Suppose Jesus had not said, as recorded in Matthew14:29, “Come,” and Peter had decided in his own impetuous heart to walk on water. Could he have done it?

We are willing to admit that God MIGHT have allowed Peter that power for various reasons, but the question we really want to address is: Have we allowed ourselves to be drawn into a lose, sectarian usage of the term, “faith” even while denying the common denominational use of it?

There are few of us who study regularly with our religious friends who have not heard them say many times such as, “I have great faith in Jesus. I believe I can be saved without baptism.” And usually we have tried to point out the fact that “Faith cometh by hearing, and hearing by the word of God” (Romans10:17). So what they have is not faith, but a wild guess, opinion or presumption.

But how many of us who see that quite clearly have dreamed up some grand scheme, project, or activity which we think would be good to do? When asked how we expect to finance it, we reply, “I am just going to launch out on faith.” Of course no one knows what each person means that uses that expression. He may mean “Faith in his own ability to persuade persons to contribute to his pet project.” He may mean “Faith in the reputed statement of P. T. Barnum. (He said, “There is a sucker born every minute,” and one would not need to have faith in Mr. Barnum to be convinced of that!) Or he may mean as the radio and T. V. charlatans are wont to imply, “We have great faith in God.”

Churches and individuals have all sorts of pet projects, most of which probably have a lot of good things about them. They range all the way from “half-way” houses for reforming prostitutes to multimillion dollar “plants” for what we call “worship services,” which are in many cases used very little for worship, and not for any service at all. But in almost every case of which we are aware, they are started and finished (if and when they are finished) “by faith.”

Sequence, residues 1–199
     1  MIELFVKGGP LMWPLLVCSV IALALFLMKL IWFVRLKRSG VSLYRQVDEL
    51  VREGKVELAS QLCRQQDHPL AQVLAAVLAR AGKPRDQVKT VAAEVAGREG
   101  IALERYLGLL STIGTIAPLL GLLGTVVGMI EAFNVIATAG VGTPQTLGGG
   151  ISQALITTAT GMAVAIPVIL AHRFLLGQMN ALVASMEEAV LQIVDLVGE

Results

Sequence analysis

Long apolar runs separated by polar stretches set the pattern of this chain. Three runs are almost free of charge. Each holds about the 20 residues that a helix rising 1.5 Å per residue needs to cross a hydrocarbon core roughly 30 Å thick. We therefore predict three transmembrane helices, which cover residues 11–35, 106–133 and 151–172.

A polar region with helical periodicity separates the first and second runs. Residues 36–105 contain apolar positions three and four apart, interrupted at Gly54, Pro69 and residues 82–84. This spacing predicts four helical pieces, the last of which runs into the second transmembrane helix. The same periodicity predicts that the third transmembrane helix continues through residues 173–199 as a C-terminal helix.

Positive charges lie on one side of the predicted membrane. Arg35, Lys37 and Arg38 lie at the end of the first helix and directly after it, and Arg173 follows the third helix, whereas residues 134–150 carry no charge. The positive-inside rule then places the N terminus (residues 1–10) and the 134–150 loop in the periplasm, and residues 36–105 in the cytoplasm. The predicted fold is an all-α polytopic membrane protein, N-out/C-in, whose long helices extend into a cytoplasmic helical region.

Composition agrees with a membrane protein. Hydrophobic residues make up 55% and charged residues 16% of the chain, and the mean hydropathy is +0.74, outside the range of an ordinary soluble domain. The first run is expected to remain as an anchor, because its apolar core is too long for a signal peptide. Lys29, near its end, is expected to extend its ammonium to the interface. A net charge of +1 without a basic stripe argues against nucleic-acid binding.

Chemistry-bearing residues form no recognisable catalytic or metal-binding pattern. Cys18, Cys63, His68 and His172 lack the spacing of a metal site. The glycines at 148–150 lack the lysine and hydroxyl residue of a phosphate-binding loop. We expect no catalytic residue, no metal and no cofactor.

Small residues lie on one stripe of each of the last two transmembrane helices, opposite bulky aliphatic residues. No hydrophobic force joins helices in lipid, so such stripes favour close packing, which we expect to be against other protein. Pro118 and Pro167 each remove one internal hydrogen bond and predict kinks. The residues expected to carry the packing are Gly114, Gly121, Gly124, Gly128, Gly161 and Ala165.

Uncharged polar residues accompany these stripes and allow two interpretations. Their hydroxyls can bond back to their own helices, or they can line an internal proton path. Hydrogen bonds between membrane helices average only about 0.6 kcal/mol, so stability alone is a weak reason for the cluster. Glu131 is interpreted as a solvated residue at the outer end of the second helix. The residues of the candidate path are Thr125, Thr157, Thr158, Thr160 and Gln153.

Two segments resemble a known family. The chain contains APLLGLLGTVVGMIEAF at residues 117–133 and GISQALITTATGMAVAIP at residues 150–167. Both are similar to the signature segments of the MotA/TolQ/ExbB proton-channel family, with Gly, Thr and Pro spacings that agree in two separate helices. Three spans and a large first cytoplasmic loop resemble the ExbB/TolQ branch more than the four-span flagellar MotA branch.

The question I am raising is, “Suppose the pet project, begun by `launching out on faith’, begins to sink?” Does this put you in the same category as Peter who began to sink and was rebuked for his little faith? Or does it mean that you may not have heard the word of God about your particular project in the first place? Peter had heard Jesus say, “Come.” Have you? If faith ALWAYS comes by hearing, then we need to be careful to specify the object of our faith — whom or what we heard — when we talk about having faith with regard to something.

When Jesus said in Matthew 17:20, “If ye have faith as a grain of mustard seed, ye shall say to this mountain, `Remove hence to yonder place’, and it shall remove,” he may have just been talking to the Apostles and having reference to what many of us call “a miraculous faith,” as suggested in 1 Corinthians 12:7. But the PRINCIPLE applies to each of us. If Jesus told me to come and walk on the water to him, I could do it as well as Peter could have, with no “miraculous gift of faith.” But my present question is, “Do I have the right to start walking on water, or launching out on some other project that I think is good and say that I am doing it because of my great faith in Jesus?

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